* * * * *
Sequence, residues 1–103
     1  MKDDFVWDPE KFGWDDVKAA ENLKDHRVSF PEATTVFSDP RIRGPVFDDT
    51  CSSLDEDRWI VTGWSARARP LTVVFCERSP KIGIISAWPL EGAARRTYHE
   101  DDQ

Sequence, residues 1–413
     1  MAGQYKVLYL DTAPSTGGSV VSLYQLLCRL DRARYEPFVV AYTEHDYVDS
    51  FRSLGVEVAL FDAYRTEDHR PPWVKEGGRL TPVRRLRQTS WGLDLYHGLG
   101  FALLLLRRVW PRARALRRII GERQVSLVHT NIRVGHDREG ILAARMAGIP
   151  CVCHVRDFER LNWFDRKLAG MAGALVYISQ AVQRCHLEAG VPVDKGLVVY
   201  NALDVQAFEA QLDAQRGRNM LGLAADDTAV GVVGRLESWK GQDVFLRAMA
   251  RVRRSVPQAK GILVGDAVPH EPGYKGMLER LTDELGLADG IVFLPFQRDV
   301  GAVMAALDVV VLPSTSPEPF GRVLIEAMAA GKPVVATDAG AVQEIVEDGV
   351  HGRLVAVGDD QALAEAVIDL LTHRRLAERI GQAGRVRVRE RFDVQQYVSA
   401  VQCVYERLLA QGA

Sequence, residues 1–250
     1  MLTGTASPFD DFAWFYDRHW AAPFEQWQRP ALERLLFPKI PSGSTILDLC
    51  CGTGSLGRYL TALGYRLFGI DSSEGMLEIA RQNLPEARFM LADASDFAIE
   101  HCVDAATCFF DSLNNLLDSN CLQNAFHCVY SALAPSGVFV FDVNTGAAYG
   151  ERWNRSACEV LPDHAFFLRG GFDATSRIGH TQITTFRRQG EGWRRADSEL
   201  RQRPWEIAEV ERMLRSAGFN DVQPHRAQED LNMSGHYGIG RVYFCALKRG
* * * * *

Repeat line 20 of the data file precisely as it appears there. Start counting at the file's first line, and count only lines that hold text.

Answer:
   201  RQRPWEIAEV ERMLRSAGFN DVQPHRAQED LNMSGHYGIG RVYFCALKRG